A man in Richmond, B.C., has died at home while isolating himself after contracting COVID-19 at his front-line job helping disabled adults, a career with which he provided for a wife, young daughter and parents back in the Philippines.
Warlito Valdez died this past weekend at home despite being in contact with the local health authority after he tested positive for the novel coronavirus.
Bonnie Henry, British Columbia’s top health official, said the death of Mr. Valdez, the second fatality of someone isolating at home in the province, underscores the need for those with the virus to seek more help immediately if their symptoms worsen.
“If you have concerns about shortness of breath, if you have concerns that your fevers and your feeling unwell is not resolving, particularly after five to six to seven days, then call 8-1-1. Call 9-1-1 if you can’t breathe, if you’re feeling shorter breath, if you have chest pain. It is important that people know that these are signs that you need to seek additional help,” Dr. Henry said at her daily media briefing on Wednesday.
She said research is showing that COVID-19 symptoms can worsen from the fifth day onward for some people, adding this appears to have happened with British Prime Minister Boris Johnson.
“Some people will be getting better and be fine, other people can very quickly go downhill,” Dr. Henry said. “That’s a critical period of time where we do want to make sure that anybody who has any concerns gets the health care that they need.”
As of Wednesday, B.C. has confirmed 48 people have died from the virus, more than half of whom were elderly residents at a handful of long-term care homes.
Dr. Henry said at Tuesday’s media briefing that there are a “number of small clusters of cases in some of the group homes” in and around Vancouver for people with intellectual and physical disabilities.
“Vancouver Coastal [Health] has been working with those particular homes to ensure that transmission has stopped as much as possible and to test people who have been exposed, and to facilitate people isolating, who have been exposed,” she said.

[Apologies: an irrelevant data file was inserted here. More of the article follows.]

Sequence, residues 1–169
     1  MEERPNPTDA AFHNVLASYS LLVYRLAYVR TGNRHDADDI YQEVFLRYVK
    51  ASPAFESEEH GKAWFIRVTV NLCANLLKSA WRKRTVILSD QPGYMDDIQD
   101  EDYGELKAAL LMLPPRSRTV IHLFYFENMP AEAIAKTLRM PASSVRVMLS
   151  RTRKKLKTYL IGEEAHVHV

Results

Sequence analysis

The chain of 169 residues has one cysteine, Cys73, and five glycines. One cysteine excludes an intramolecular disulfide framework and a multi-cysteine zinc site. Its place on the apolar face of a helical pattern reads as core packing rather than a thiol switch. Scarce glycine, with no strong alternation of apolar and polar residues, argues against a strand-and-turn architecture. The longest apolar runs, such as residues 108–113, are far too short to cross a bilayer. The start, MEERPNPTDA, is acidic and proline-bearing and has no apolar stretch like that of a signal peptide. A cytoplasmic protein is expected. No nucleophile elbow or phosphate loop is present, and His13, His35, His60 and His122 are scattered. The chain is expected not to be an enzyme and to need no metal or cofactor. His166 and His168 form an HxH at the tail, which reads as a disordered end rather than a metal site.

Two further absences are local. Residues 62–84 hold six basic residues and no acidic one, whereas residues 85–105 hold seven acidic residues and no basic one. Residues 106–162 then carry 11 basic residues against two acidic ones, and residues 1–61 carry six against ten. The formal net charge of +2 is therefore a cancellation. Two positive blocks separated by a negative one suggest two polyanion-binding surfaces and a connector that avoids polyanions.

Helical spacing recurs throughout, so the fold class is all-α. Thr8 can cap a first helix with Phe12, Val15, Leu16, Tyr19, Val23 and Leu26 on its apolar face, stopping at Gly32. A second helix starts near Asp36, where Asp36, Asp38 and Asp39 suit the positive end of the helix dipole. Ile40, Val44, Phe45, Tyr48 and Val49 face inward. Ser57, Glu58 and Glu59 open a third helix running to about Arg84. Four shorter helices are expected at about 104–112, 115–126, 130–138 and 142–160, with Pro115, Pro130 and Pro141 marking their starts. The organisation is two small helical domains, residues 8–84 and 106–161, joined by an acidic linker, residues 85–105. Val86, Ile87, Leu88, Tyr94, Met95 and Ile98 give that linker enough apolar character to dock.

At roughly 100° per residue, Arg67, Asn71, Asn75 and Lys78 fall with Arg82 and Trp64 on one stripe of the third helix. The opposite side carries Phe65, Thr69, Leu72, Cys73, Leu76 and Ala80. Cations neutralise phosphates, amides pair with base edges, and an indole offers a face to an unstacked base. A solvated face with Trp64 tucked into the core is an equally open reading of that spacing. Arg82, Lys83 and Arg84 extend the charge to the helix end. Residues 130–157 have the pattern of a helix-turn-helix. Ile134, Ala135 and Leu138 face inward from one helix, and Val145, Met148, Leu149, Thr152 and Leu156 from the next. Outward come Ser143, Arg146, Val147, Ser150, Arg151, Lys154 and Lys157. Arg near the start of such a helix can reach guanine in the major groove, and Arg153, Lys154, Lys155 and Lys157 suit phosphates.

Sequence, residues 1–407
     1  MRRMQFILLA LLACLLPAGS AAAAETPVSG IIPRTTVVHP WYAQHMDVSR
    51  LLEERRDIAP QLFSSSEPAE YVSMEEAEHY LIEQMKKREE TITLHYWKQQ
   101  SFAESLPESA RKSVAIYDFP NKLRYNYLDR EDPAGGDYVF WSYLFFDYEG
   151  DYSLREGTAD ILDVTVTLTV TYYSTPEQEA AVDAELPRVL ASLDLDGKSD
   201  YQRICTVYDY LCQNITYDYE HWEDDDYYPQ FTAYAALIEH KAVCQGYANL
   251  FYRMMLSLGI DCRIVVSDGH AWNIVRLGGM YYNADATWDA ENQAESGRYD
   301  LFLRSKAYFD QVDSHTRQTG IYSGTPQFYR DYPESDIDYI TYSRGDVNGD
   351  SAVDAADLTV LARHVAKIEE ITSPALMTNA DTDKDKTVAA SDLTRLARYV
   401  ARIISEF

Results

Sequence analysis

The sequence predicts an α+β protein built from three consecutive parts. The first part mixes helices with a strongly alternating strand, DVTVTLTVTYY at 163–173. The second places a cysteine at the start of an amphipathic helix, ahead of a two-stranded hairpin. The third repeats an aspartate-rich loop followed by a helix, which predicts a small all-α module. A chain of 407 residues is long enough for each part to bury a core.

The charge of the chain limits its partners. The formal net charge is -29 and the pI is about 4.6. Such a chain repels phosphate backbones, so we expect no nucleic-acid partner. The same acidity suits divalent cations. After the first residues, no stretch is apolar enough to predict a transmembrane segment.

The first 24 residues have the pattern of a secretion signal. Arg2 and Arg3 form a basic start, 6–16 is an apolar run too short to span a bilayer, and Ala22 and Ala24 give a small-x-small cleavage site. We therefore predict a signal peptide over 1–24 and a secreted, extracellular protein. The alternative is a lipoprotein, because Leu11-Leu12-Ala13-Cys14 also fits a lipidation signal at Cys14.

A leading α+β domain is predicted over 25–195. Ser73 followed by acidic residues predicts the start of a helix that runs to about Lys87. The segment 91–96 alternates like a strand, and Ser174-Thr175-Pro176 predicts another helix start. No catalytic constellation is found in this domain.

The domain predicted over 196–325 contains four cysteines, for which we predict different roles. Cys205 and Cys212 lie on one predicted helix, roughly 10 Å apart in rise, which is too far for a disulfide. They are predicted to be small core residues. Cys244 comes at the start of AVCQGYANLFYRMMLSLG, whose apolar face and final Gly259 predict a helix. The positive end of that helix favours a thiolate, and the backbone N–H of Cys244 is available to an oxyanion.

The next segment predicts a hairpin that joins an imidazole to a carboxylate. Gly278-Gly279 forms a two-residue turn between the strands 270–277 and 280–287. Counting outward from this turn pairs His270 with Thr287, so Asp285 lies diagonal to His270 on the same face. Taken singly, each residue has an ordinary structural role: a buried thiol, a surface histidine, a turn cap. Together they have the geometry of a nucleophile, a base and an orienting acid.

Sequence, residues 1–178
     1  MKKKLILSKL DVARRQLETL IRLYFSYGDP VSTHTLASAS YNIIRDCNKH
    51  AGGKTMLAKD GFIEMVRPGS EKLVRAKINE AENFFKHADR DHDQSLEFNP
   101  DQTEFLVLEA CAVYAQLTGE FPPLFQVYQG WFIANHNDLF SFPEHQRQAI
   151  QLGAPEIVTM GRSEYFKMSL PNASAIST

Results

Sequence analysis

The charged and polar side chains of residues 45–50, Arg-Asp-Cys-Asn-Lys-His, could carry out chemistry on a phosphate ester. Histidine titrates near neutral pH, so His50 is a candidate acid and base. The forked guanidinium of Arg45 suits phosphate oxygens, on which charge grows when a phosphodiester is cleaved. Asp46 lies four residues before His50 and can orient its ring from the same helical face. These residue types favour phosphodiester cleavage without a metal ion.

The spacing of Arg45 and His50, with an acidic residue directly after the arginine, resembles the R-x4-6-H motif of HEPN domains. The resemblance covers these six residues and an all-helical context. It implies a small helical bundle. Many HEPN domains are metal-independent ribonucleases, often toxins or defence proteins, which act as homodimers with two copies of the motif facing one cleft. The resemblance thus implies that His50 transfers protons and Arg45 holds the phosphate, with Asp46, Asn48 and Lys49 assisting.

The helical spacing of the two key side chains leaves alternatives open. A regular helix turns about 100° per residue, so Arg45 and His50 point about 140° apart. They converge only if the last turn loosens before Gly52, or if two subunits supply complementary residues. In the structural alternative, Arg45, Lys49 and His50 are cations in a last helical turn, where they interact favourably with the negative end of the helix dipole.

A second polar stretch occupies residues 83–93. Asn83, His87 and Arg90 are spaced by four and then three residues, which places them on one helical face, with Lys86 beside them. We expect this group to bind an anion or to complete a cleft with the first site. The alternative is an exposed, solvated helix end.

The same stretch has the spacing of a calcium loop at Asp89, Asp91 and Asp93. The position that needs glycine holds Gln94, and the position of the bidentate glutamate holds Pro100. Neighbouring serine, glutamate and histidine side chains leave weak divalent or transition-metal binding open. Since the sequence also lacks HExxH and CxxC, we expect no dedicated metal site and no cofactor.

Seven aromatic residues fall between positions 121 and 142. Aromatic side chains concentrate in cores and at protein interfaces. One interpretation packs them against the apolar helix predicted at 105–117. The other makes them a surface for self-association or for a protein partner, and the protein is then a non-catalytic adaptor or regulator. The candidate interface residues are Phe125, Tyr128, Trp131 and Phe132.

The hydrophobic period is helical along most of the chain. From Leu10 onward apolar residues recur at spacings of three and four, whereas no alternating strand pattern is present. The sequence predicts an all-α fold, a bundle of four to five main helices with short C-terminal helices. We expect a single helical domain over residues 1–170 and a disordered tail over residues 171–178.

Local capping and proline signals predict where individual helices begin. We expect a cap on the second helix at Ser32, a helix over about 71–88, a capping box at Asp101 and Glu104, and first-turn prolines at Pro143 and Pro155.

The Richmond Society for Community Living, Mr. Valdez’s employer, confirmed in a statement that he was infected while working at one of its facilities.
“We became aware that he tested positive to COVID-19 following exposure through the incredibly important work he was doing,” the statement said.
A spokesperson for the B.C. Ministry of Health did not say whether Mr. Valdez was being visited at home by a public-health nurse before he died or whether his family was giving daily updates on his condition to the local health authority by phone. The spokesperson said the BC Coroners Service is investigating the death.
Mr. Valdez’s younger sister, Alice Valdez, said from her home in the Philippines that she was shocked by her brother’s sudden death.
“It is very painful on our part as his family because we were not there when he needed us,” she told The Globe and Mail over messages on social media. “We don’t even have the chance to hold and hug him for the last moment.”
Ms. Valdez said her brother took care of their parents, who are both in their 70s, by remitting money every month.
“He sends money to us every month, which we use to buy food and pay our bills. He is so kind and generous and he always thinks about our family,” she said, adding her brother was planning to bring their parents to Canada.
Ms. Valdez said she doesn’t have a job and has no idea how the family will get through all of this.
“We hope that his ashes will be sent home here in the Philippines.”
On Wednesday, Mr. Valdez’s colleagues launched a crowdfunding campaign to provide financial assistance to his wife and their daughter.
“It is our hope that the financial contributions will allow Flozier to focus her time and energy on grieving and their daughter, Charlotte. Warlito was a tireless provider for his family – working 2 or 3 jobs,” the GoFundMe page says.
The campaign raised more than $30,000 in about seven hours.
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